The Wanted 18 is director Amer Shomali’s hommage to his home town of Beit Sahour. Beit Sahour is a Christian (that is to say, Palestinian) suburb of Bethlehem, best known to some as being the home of the Alternative Information Center. Although Shomali never saw the village during his childhood in a Syrian refugee camp, it was ever present in his parents’ stories and pictures.
Beit Sahour was also on the frontline of the first Intifada against Israeli occupation from 1987. It was the centre of a tax strike, where people stopped paying money which was being used to fund their occupation. There were also daily confrontations between local youth and Israeli soldiers, or with vans trying to break the ongoing boycott of Israeli goods.
The Israelis responded with curfews and random arrests, aimed at breaking the spirit of resistance. The young men who were detained in police stations for no reason learned to take backgammon sets and snacks and made a party of it. During the curfew, all homes set up speakers on their balconies and played the same record at the same time. Rather than breaking the villagers, the repression brought them together.
Perhaps most impressive there was the development of prototype workers’ and peasants’ councils which united the villagers and coordinated the work of farmers, teachers and other inhabitants. The community looked after itself, much to the bemusement of the occupying forces. A local physician explains how Israeli soldiers just could not understand why he took his turn in sweeping the streets.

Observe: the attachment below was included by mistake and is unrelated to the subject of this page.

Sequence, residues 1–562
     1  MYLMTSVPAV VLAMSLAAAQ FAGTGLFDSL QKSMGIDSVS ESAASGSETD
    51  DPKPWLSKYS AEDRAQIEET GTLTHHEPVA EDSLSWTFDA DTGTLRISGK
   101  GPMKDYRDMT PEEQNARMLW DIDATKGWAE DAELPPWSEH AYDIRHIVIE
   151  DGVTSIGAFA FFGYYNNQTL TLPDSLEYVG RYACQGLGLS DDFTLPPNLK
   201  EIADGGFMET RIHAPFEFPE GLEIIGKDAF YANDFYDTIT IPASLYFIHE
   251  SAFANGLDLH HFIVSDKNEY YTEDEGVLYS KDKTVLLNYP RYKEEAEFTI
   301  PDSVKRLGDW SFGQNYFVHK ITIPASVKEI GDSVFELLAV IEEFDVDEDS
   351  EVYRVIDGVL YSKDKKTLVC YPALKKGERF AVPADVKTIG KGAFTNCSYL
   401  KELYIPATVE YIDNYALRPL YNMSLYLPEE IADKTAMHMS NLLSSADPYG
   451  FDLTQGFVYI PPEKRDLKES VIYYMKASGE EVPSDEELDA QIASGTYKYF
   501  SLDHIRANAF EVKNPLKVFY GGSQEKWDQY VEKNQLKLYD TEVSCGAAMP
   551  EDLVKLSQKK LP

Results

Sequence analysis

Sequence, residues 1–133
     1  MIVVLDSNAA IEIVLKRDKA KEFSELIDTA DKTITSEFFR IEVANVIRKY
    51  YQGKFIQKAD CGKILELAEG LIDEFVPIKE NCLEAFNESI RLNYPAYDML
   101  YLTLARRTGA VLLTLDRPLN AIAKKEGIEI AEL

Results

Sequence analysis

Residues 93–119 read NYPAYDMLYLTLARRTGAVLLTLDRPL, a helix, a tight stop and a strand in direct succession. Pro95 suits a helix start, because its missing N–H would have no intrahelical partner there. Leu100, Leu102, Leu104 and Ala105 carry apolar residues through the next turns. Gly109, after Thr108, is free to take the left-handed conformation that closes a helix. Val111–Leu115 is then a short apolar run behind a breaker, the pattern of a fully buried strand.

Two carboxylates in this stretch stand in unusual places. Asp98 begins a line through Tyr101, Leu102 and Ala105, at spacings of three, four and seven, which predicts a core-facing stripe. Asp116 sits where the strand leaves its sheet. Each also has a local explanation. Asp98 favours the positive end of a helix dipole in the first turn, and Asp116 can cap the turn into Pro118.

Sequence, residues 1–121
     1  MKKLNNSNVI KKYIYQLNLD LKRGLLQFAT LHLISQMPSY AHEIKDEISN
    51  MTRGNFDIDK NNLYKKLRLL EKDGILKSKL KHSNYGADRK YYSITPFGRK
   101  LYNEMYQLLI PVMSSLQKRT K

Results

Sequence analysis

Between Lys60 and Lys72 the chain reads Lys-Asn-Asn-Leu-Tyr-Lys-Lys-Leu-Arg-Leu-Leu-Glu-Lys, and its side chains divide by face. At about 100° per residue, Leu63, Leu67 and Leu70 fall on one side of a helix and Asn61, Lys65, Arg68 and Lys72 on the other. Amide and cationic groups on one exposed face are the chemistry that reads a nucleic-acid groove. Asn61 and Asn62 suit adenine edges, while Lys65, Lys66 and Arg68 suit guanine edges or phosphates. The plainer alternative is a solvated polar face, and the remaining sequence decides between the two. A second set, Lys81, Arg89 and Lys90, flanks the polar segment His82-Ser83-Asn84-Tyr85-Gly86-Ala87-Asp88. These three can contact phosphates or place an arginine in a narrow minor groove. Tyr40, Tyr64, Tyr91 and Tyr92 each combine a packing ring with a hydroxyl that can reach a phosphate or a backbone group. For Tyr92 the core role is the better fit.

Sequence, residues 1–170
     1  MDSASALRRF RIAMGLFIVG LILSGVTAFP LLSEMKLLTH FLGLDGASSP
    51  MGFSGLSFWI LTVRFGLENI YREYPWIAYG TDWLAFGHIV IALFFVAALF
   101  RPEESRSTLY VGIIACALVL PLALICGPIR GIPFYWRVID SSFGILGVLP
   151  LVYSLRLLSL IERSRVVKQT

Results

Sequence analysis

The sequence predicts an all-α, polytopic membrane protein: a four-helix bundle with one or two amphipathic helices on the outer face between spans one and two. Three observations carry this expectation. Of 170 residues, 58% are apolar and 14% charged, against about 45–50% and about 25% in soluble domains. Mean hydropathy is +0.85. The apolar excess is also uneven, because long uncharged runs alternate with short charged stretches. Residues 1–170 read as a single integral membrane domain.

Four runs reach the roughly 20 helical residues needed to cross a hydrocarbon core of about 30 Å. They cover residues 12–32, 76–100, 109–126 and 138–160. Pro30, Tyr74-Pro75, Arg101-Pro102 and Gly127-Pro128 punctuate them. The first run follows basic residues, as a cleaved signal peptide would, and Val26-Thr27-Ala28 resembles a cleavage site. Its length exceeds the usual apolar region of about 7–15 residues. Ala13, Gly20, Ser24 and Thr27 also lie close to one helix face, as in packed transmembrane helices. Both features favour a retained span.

All these struggles are covered in the film, but it also wants to tell us about one of the more bizarre tales of resistance. The Wanted 18 were cows. Bought from an Israeli kibbutz, the cows were an important symbol in the drive towards self-sufficiency, which was an essential part of the boycott. Because cows do not just produce meat – they also produce milk and other cows, and could be the basis for an economy based only on Palestinian produce.
Many of the developments were farcical – and the exposition – in part through stop-go animation and Wallace and Gromit type models – revels in the ridiculousness. Producing home grown milk was a noble idea, but none of the villagers had any experience with cows, so a local student had to be sent to the USA to learn basic milking.
If this sounds ridiculous, the Israeli response – told in person by army officials – was just bizarre. Originally, they thought that 18 cows could not sustain a few households, let alone a village of 10,000 people, but they became a symbol of the general resistance, so the army tried to confiscate them. When the villagers managed to hide them – for days on end – soldiers made pictures of the cows and went through the village trying to track them down.
All this is tremendous fun, but for a significant part of the film, I worried we were going to be sold a pup. There was so much talk of the indomitable spirit of Beit Sahour, that I was worried that we would end up with a trite message that all you needed to defeat overwhelming military power was a sense of fun. And yet the resistance does lose in the end – sold out by Yassir Arafat’s compromises in Oslo.
Having read some reviews of the film, which fail to comprehend just what a sell out Oslo was, maybe this could have been elaborated on, but no-one in the village needs any more explanation. The apparent peace – brokered by Bill Clinton while he was delivering massive amounts of military aid to Israel – demobilised the resistance, and allowed Israel to regain control. This had tragic consequences for one of the leaders of the resistance, Shomali’s cousin Anton.
There are many earnest accounts of the Palestinian struggle, several tense stories and a few tales which are funny. I can’t remember any film which has managed to mix all three aspects quite as adeptly as this one. The Wanted 18 is hilarious and it is righteous and it keeps us on the edge of our seats. And it manages to do all this while maintaining a visual style and playfulness that the egregious and self-serving Waltz with Bashir can only dream of. Go see. Now.